Chromatography used to identify molecules from space

Excerpts from an article at

Scientists from NASA this week reported that they have detected the amino acid glycine in samples of the comet Wild 2 gathered by the spacecraft stardustStardust, adding ammunition to the theory that life on Earth may have extraterrestrial beginnings and that life may exist elsewhere in space.

In January 2004 Stardust passed through the dense gas and dust surrounding the icy nucleus of the comet Wild 2. As it did, it collected gas and dust samples in a collection grid filled with a special aerogel. The grid was then stowed in a capsule that detached from Stardust and parachuted to Earth two years later.

In preliminary tests, glycine was detected in both the sample of the aerogel and aluminum foil from the sides of the chambers that held the aerogel in the collection grid.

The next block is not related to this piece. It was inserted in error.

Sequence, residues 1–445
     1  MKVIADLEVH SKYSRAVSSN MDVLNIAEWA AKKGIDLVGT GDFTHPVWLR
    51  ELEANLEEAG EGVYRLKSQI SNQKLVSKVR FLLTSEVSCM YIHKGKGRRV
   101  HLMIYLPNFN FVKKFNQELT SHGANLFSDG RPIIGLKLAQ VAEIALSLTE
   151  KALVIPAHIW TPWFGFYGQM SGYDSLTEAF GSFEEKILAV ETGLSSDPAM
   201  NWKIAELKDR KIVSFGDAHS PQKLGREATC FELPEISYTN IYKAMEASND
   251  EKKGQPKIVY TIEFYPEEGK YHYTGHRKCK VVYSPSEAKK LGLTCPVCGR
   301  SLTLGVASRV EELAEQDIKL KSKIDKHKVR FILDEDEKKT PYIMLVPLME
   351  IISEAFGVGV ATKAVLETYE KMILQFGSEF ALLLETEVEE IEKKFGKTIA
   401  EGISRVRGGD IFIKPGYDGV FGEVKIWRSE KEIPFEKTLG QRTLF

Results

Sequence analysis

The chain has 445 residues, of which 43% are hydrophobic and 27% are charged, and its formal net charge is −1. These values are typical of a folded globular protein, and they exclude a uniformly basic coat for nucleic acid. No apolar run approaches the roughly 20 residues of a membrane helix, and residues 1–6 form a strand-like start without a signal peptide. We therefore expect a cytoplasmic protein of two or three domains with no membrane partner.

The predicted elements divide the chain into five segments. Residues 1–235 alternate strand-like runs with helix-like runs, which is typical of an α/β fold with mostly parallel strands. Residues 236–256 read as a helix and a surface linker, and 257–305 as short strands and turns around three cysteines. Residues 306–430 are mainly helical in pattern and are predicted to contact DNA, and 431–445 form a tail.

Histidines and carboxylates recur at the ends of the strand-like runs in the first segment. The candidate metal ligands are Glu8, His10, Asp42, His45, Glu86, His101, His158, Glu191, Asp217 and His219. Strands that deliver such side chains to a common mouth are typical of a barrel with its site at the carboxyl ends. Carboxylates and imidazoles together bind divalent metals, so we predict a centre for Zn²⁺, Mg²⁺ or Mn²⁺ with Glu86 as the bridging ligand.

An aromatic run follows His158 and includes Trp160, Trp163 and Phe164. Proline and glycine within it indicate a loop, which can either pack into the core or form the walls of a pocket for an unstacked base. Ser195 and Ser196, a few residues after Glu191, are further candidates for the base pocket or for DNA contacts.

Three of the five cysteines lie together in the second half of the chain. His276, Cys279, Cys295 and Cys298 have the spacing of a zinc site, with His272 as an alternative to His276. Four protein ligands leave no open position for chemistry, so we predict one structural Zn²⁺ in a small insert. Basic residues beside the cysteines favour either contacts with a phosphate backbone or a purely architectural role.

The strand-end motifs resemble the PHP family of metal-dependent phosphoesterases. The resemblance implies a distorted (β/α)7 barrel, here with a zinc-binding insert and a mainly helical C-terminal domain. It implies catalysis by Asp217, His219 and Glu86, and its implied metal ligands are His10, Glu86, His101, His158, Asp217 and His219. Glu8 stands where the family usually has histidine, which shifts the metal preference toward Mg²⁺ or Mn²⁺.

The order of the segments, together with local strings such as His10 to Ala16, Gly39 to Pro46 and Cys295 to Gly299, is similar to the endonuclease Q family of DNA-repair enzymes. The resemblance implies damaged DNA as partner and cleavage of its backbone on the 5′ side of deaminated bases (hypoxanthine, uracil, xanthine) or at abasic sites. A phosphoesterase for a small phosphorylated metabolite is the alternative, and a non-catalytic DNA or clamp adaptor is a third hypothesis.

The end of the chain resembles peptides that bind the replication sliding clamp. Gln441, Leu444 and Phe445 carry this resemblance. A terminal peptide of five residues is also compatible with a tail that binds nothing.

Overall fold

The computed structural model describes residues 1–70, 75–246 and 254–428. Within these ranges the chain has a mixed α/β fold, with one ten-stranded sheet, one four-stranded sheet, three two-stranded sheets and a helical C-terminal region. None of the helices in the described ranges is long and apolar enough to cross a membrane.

But though glycine was detected, it was unclear whether that was due to contamination from terrestrial sources. To determine whether the glycine had in fact come from outer space, Elsila and his fellow researchers performed gas chromatography coupled with mass spectrometry and isotope ratio mass spectrometry.

The most common form of carbon, carbon 12, has six protons and six neutrons in its nucleus. A glycine molecule from space, however, tends to have more of the heavier isotope carbon 13, which carries an extra neutron in its nucleus, than a glycine from Earth. Because the glycine from the Stardust samples contained carbon 13, “the carbon isotopic signature was extraterrestrial, proving that this glycine is cometary,” Elsila said. 

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